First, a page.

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At 07:21 PM 11/23/99 EST, you wrote:
 What is the legality of contracting for services with an 
>unlicensed individual (such as a general contractor, mechanical engineer, 
>etc.) for services to be provided to an owner?
>It is my opinion that this type of contract is strictly illegal. That it 
>creates a situation where an unlicensed individual (possibly a good salesman) 
>could write a contract with an owner for structural engineering services thus 
>circumventing the State law. It would seem to me that any engineer who allows 
>this to occur is breaking the law as well.
>I would like comments.

Legality depends on what the juridiction's laws say.

In California, anyone not in business as a CE, EE, or ME, in an illegal,
unlicensed way, may be the client of a professional engineer. The PE Act
says, "This chapter does not prevent an individual or business engaged in
any line of endeavor other than the practice of civil, electrical, or
mechanical engineering from employing or contracting with a registered
civil, electrical, or mechanical engineer to perform the respective
engineering services incidental to the conduct of business." [Bus.and Prof.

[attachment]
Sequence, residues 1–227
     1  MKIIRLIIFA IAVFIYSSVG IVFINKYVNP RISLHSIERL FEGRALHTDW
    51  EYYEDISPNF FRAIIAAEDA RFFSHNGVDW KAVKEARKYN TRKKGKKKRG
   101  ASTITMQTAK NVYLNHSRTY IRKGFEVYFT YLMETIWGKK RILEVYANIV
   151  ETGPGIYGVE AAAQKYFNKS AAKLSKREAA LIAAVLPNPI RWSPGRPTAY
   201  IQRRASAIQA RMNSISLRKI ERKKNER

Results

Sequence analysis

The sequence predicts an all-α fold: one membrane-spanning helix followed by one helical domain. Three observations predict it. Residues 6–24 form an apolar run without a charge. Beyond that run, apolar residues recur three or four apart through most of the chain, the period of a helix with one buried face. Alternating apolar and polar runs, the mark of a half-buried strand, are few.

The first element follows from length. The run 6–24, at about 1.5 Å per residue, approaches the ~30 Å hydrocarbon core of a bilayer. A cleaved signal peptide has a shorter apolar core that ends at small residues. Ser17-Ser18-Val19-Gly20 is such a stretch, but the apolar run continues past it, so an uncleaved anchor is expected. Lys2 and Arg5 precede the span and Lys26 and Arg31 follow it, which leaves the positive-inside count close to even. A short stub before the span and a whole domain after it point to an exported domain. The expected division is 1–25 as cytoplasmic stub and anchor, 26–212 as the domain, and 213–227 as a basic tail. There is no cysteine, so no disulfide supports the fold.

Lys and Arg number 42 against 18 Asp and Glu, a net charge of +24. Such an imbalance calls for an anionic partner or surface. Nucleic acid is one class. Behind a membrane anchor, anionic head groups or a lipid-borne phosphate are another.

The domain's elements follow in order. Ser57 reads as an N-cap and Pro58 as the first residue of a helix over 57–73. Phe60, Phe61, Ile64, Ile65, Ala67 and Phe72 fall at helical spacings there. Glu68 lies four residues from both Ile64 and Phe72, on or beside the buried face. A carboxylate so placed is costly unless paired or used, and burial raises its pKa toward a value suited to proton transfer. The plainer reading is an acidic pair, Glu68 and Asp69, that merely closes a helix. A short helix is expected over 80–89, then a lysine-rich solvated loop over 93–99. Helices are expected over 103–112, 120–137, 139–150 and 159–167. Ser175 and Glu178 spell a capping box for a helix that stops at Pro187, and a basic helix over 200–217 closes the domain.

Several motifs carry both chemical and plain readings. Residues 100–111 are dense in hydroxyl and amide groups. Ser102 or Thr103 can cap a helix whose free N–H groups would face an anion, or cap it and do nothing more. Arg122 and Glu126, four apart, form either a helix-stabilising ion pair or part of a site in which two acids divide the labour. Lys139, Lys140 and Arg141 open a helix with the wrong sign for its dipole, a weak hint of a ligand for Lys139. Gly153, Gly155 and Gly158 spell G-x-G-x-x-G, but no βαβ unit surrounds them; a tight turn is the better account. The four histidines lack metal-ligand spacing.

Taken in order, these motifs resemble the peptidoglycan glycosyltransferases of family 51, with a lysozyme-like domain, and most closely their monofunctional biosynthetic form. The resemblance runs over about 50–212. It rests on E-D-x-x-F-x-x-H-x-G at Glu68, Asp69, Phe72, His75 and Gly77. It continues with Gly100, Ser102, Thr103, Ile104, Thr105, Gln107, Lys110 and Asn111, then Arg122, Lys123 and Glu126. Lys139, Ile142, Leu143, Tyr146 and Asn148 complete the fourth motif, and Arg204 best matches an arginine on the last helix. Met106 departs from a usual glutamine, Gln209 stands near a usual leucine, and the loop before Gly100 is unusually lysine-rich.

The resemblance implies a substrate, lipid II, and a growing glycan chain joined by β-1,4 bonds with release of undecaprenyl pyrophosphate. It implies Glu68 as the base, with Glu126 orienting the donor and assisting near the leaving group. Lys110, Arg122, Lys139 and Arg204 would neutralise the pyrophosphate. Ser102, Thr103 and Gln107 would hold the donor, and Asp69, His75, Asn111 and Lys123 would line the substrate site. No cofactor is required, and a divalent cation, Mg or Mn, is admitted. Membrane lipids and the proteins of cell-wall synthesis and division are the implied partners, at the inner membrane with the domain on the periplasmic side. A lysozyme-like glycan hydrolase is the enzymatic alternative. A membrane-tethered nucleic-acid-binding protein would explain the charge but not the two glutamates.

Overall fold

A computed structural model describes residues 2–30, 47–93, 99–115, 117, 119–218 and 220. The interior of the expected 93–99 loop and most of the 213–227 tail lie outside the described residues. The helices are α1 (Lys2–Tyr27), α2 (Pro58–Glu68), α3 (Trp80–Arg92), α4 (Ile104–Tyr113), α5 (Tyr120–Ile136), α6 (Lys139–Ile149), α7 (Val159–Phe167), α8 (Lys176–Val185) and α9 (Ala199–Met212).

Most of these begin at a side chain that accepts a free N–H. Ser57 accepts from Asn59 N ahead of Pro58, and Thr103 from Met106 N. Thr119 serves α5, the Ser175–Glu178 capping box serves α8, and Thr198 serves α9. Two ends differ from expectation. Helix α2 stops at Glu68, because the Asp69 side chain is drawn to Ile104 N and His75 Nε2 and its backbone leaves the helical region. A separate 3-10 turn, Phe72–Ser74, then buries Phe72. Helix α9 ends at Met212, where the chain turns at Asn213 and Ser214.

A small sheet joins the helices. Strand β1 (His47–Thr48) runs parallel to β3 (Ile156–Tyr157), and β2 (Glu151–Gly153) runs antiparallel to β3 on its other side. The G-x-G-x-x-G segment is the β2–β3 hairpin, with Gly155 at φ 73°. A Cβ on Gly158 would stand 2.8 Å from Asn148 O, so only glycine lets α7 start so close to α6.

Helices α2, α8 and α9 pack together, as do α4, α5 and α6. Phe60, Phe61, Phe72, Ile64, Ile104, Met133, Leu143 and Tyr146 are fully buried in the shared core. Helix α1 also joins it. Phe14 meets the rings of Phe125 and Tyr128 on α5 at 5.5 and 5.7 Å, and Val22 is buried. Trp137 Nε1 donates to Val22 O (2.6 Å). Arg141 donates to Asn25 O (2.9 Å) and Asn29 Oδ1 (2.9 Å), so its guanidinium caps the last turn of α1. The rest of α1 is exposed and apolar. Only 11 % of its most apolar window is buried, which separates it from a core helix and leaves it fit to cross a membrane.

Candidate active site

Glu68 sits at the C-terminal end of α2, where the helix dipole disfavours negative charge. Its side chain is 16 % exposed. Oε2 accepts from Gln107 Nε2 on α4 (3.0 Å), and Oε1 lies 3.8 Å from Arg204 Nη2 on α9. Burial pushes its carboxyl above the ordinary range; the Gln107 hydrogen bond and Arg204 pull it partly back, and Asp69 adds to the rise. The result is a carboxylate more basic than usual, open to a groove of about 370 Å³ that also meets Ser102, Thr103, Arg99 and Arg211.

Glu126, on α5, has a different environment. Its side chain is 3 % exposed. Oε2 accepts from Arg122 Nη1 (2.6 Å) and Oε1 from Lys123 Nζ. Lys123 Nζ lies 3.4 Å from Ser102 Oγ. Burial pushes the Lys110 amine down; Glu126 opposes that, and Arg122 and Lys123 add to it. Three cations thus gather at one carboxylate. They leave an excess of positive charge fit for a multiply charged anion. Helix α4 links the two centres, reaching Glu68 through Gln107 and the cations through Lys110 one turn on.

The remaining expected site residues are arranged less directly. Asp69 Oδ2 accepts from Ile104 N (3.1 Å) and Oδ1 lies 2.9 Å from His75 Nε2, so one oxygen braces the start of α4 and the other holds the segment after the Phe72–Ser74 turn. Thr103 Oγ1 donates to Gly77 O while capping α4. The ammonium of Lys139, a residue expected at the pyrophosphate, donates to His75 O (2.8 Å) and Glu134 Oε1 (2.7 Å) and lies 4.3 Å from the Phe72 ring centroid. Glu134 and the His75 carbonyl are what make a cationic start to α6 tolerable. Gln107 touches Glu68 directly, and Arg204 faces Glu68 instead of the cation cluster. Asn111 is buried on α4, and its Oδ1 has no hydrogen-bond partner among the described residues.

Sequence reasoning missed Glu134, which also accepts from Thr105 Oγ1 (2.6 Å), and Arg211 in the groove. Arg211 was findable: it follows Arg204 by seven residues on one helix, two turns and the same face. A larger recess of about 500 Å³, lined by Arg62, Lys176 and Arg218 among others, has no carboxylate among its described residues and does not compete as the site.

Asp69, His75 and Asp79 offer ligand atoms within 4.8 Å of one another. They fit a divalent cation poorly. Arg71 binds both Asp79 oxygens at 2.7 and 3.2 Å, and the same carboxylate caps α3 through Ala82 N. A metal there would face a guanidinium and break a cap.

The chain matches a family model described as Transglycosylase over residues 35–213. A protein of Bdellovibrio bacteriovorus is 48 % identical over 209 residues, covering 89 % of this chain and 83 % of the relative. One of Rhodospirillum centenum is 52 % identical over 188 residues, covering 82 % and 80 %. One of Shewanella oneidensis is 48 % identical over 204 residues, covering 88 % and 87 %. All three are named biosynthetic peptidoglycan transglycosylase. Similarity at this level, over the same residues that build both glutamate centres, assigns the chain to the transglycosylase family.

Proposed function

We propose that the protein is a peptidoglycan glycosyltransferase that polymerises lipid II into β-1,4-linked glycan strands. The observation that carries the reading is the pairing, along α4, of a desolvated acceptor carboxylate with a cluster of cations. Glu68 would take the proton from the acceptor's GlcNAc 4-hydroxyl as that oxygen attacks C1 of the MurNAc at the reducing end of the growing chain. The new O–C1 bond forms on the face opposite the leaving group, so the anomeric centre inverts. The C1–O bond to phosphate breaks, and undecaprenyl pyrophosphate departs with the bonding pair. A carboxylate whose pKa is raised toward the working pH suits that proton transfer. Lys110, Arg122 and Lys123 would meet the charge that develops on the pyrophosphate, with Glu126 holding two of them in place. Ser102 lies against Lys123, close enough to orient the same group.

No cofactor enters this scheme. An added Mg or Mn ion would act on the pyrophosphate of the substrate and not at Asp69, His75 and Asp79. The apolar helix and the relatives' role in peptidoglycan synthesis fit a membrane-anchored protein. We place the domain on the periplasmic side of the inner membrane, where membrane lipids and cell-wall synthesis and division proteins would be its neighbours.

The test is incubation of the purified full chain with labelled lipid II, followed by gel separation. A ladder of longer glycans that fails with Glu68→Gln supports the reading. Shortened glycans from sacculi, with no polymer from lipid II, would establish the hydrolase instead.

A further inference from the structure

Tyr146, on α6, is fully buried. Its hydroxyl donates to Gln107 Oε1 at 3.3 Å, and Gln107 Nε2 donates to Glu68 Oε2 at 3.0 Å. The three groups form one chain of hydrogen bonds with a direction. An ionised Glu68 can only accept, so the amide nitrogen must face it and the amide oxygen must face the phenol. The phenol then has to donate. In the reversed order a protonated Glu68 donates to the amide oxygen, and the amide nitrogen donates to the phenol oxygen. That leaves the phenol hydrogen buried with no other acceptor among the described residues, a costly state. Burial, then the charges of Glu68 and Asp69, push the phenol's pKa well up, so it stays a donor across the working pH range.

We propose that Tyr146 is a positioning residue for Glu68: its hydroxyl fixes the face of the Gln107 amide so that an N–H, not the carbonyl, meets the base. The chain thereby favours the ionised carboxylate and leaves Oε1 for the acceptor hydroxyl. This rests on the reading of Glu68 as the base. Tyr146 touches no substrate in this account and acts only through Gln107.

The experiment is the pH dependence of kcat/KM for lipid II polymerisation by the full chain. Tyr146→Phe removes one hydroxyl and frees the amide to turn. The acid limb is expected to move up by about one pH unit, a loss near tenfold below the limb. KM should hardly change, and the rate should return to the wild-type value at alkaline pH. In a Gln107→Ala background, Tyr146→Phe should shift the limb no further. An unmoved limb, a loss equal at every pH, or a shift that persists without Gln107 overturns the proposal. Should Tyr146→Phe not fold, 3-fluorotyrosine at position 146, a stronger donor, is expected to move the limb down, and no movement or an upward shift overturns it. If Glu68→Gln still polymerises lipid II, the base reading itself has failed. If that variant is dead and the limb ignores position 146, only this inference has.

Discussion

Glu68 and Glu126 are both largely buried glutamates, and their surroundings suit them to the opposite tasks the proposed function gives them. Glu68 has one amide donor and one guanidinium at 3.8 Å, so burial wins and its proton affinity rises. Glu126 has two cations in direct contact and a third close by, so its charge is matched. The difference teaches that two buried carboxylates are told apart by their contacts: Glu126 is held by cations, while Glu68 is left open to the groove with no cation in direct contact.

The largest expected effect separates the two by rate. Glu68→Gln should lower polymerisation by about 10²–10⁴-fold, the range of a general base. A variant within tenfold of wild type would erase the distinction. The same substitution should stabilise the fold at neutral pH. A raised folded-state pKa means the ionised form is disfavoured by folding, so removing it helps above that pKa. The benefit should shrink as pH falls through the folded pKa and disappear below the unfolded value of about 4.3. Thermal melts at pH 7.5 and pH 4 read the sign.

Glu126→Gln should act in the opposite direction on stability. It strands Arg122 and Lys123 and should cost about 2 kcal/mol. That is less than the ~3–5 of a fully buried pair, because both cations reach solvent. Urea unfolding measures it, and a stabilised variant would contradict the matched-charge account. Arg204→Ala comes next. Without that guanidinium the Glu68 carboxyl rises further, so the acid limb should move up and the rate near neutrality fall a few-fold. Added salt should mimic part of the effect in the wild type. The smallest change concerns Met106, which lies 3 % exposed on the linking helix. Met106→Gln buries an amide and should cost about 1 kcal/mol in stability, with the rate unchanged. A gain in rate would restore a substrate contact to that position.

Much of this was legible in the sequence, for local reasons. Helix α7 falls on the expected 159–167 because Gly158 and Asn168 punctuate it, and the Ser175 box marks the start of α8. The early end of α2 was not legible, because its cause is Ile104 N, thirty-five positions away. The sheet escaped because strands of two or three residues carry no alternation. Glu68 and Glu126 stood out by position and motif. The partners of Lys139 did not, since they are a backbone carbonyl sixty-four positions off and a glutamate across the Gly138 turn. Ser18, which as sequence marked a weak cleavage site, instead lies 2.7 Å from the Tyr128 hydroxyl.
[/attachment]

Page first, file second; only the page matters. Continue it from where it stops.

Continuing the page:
Code Sec 6738(d)]

Thus a contractor who needs to build something for which no design exists
may employ or retain a civil engineer (or PE in the in the appropriate
branch) to design it. The contractor however may not purport to be in the
civil engineering business, only in the contracting business for which
licensed. A firm properly practicing in one branch of PE may retain or
employ a PE in another branch when the need occurs, but may not claim to be
in that second branch's practice simply because of the presence of that
employee or consultant. And if the seismic renovation you refer to was not
an "incidental" adjunct to EE and/or ME work on the structure, then the
EE/ME firm appears to be out of line contracting to design the seismic work.
See Black's Law Dictionary for a definition of "incidental"

That's how it appears to me. See if the PE Board can answer promptly or clearly.

Charles O. Greenlaw  SE